In nursing home and long-term care facilities, the numbers of the local counties went up slightly as Dauphin County added three residents, and Schuylkill County added another facility and another resident. Dauphin County is listed in the table having four facilities affected, with 99 cases among residents, 15 cases among employees and 17 deaths. Schuylkill County has 17 residents and one employee affected in five facilities, and Northumberland County has four residents and two employees at one facility  All total, 474 facilities are reporting 8,478 cases among residents and 1,097 among employees, and have accounted for 1,560 of Pennsylvania’s 2,354 deaths attributed to the coronavirus.

The state also updated numbers of age ranges of the positive cases and hospitalizations to date. Currently 2,677 Pennsylvania residents are hospitalized with the virus and its complications, down 27 patients from yesterday.

The breakdown is as follows:

Positive cases

Ages 0-4, <1%; 5-12, <1%; 13-18, 1%; 19-24, 6%; 25-49, 38%; 50-64, 27%, 65+, 27%


Ages 0-29, 2%; 30-49, 5%; 50-64, 10%; 65-79, 20%; 80+, 19%

The counties affected and the number of confirmed cases, with the number of deaths in parentheses, are:

Adams-140 (4), Allegheny-1,319 (99), Armstrong-52 (2), Beaver-426 (67), Bedford-24 (1),  Berks-2,748 (117), Blair-23, Bradford-33 (2), Bucks-3,055 (225), Butler-180 (6), Cambria-31 (1), Cameron-1 Carbon-181 (15), Centre-96 (1), Chester-1,432 (111), Clarion-23 (1), Clearfield-16, Clinton-32, Columbia-289 (13), Crawford-19, Cumberland-349 (17), Dauphin-601 (25), Delaware-3,848 (240), Elk-3, Erie-87 (2), Fayette-81 (4), Forest-7, Franklin-313 (7), Fulton-5, Greene-26, Huntingdon-40, Indiana-63 (4), Jefferson-4, Juniata-84 (1), Lackawanna-934 (83), Lancaster-1,820 (106), Lawrence-65 (6), Lebanon-694 (9), Lehigh-2,850 (80), Luzerne-2,173 (92), Lycoming-71 (1), McKean-6, Mercer-65 (1), Mifflin-37, Monroe-1,147 (54), Montgomery-4,406 (362), Montour-48, Northampton-2,103 (94), Northumberland-95, Perry-32 (1), Philadelphia-12,544 (424), Pike-383 (15), Potter-4, Schuylkill-375 (6), Snyder-33 (1), Somerset-26, Sullivan-1, Susquehanna-84 (8), Tioga-16 (1), Union-37, Venango-7, Warren-1 (0), Washington-116 (2), Wayne-102 (5), Westmoreland-393 (25), Wyoming-21 (2), York-651 (11).

As of noon May 1, there have been 180,477 negative tests for the coronavirus, an increase of 4,875 over the day before.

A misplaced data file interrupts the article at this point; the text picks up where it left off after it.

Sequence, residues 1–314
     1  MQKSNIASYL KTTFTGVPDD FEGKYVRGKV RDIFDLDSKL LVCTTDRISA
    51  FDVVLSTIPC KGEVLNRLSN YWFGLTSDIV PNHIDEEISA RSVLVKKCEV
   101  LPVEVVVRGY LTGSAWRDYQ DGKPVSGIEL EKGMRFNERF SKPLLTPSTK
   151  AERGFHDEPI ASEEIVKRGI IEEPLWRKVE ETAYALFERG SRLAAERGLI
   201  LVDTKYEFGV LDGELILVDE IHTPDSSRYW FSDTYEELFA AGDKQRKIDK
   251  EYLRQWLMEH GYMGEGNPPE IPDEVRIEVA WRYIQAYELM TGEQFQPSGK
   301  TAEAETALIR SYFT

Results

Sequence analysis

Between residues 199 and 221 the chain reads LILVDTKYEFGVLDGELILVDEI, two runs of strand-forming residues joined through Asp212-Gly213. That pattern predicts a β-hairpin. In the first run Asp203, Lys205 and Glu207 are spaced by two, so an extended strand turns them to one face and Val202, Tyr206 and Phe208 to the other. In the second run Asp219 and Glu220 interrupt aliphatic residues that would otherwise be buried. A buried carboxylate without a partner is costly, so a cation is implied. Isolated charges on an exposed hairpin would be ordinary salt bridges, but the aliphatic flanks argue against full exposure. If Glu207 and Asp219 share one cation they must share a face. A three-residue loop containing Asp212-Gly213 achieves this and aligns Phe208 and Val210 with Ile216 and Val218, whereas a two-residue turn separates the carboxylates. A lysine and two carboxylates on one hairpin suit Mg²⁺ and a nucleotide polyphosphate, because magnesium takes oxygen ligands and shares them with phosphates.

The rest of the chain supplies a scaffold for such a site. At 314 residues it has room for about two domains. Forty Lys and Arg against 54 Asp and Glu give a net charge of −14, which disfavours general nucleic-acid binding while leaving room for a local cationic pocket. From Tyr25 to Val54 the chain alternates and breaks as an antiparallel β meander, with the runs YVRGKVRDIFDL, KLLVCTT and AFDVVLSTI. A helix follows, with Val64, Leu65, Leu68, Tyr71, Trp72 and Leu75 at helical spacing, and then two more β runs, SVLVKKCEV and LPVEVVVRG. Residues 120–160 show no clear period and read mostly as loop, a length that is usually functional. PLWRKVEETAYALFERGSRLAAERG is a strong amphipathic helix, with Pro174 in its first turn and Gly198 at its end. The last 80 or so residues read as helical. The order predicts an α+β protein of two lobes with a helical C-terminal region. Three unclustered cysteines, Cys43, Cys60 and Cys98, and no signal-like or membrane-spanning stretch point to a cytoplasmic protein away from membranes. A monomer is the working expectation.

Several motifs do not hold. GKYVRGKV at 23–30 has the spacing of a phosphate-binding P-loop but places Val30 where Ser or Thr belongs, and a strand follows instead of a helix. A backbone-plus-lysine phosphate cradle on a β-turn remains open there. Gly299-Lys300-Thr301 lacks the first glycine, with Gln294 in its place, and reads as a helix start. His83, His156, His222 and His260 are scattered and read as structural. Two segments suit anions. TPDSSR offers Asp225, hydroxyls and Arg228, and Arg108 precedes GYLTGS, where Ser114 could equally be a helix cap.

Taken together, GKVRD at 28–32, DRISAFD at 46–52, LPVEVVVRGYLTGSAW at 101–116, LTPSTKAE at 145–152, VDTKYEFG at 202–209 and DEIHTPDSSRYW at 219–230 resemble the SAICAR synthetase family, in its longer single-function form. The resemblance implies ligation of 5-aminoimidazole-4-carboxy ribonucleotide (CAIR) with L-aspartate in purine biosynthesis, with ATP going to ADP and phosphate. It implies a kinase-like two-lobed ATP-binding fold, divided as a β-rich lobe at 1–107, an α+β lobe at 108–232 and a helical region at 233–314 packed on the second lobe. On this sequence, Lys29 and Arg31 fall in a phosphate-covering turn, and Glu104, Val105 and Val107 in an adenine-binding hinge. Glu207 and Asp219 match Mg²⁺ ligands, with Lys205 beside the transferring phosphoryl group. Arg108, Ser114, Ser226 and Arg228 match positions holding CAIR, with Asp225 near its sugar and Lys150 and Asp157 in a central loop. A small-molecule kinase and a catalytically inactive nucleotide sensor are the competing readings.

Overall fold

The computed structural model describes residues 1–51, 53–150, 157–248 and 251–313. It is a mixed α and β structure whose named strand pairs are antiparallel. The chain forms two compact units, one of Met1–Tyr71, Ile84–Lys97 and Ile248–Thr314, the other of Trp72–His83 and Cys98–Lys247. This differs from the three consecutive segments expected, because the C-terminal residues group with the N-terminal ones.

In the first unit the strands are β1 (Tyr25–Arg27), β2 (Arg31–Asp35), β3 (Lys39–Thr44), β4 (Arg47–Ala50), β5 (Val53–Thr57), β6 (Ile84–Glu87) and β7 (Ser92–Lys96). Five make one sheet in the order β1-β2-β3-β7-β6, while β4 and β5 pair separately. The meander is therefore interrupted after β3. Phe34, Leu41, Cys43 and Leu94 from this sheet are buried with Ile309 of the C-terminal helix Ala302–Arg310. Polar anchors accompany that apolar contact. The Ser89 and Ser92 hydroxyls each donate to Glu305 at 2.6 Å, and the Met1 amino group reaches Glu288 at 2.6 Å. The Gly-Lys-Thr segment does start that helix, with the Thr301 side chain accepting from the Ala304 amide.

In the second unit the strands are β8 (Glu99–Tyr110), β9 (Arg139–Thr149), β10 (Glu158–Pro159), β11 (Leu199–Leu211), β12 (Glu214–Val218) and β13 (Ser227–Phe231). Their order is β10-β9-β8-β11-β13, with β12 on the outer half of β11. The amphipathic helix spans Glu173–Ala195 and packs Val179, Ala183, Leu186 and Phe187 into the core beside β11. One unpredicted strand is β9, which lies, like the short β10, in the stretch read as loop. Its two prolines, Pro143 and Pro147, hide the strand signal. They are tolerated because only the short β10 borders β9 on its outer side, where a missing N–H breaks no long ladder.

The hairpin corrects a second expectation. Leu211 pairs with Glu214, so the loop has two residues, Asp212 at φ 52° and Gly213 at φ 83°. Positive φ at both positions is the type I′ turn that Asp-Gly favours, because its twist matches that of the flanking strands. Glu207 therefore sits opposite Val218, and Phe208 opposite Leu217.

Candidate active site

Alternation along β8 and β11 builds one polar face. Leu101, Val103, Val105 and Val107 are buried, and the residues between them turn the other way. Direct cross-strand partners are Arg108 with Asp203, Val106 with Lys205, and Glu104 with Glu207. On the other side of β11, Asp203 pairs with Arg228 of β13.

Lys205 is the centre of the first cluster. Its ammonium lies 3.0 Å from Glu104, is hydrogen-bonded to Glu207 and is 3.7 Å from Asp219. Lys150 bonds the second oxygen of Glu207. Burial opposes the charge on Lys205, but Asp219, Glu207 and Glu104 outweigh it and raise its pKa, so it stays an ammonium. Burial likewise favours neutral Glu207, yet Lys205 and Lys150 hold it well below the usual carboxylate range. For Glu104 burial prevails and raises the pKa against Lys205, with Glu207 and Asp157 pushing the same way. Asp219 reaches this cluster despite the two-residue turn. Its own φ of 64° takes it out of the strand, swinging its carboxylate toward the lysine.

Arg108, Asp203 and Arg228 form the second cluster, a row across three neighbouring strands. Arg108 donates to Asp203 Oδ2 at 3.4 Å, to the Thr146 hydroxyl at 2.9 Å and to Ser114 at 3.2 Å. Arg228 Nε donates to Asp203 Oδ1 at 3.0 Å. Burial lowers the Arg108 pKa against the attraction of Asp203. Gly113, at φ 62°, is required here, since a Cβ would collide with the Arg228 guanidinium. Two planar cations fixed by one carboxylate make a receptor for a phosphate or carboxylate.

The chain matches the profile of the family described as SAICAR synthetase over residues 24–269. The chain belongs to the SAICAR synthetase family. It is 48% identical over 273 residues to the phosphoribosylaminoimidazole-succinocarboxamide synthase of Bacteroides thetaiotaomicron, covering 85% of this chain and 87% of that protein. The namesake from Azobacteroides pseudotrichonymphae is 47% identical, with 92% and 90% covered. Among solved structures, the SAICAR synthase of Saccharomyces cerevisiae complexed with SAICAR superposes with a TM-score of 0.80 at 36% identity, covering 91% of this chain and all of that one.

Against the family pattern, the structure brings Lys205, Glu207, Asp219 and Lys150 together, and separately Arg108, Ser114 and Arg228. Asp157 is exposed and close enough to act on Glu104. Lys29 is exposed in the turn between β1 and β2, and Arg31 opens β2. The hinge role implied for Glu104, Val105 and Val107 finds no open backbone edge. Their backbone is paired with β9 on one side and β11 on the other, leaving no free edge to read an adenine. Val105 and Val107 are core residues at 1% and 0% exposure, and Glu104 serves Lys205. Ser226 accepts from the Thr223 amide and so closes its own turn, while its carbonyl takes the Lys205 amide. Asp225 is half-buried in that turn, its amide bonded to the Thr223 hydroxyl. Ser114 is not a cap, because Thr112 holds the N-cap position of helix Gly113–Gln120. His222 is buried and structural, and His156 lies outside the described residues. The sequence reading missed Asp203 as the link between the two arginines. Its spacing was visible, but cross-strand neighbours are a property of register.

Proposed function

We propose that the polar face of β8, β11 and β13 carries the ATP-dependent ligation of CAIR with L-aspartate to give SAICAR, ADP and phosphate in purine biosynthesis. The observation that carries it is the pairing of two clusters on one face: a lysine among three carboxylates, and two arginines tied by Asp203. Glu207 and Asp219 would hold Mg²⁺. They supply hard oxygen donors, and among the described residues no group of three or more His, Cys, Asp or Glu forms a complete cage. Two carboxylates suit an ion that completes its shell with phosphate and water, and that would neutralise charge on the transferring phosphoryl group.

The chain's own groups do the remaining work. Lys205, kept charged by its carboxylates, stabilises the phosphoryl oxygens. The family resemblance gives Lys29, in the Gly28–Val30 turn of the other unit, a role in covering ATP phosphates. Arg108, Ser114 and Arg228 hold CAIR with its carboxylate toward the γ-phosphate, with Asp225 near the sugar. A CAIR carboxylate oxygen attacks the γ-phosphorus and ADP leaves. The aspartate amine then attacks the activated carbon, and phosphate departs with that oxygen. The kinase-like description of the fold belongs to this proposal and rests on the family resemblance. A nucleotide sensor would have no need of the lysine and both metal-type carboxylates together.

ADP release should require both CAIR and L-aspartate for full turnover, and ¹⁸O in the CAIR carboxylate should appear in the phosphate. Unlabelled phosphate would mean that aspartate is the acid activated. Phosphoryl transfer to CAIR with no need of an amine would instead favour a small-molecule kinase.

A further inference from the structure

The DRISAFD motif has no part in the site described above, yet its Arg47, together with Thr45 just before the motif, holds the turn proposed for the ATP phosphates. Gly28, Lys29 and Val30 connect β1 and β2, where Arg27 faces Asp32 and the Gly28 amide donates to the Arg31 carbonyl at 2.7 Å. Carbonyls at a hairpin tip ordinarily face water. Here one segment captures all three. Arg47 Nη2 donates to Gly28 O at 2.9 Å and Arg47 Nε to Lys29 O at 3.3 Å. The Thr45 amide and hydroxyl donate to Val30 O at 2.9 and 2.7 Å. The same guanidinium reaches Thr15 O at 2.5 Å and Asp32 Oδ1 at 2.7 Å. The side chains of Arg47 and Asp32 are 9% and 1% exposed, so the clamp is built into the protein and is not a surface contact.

What is coronavirus?

According to the Pa. Department of Health, coronaviruses are a large family of viruses that are common throughout the world. These viruses can live in animals and at times, evolve and infect people before spreading through human to human contact.

Human coronaviruses are spread just like the common cold or the flu — either through the air through coughing or sneezing, through close personal contact like touching or shaking hands, or by touching an object or surface with the virus on it.

Symptoms of COVID-19 include fever, cough, and shortness of breath. The symptoms can appear in as few as two days or as long as 14 days after a person is exposed to the illness. Reported illnesses have ranged from people with little to no symptoms to severe illness and death. As of April 30, the U.S. Center for Disease Control reports there have been 1,031,659 cases of the Coronavirus reported in the U.S. with 60,057 deaths.

What can you do?

Wash your hands with soap and water for at least 20 seconds or use hand sanitizer if soap and water are not available.
Cover any coughs or sneezes with your elbow, not your hands.
Clean surfaces frequently.
Stay home to avoid spreading COVID-19, especially if you are unwell.
If you must go out for a life-sustaining reason, please wear a mask.
The Pa. Department of Health offers these guidelines as the COVID-19 crisis continues.

Stay home as much as possible. Try to get groceries once per week instead of daily. Freedom of travel remains, but please refrain from non-essential travel. Essential travel includes things like commuting to an essential job, picking up supplies like groceries and medicine, and checking on family and pets in other households. Do not host or attend gatherings.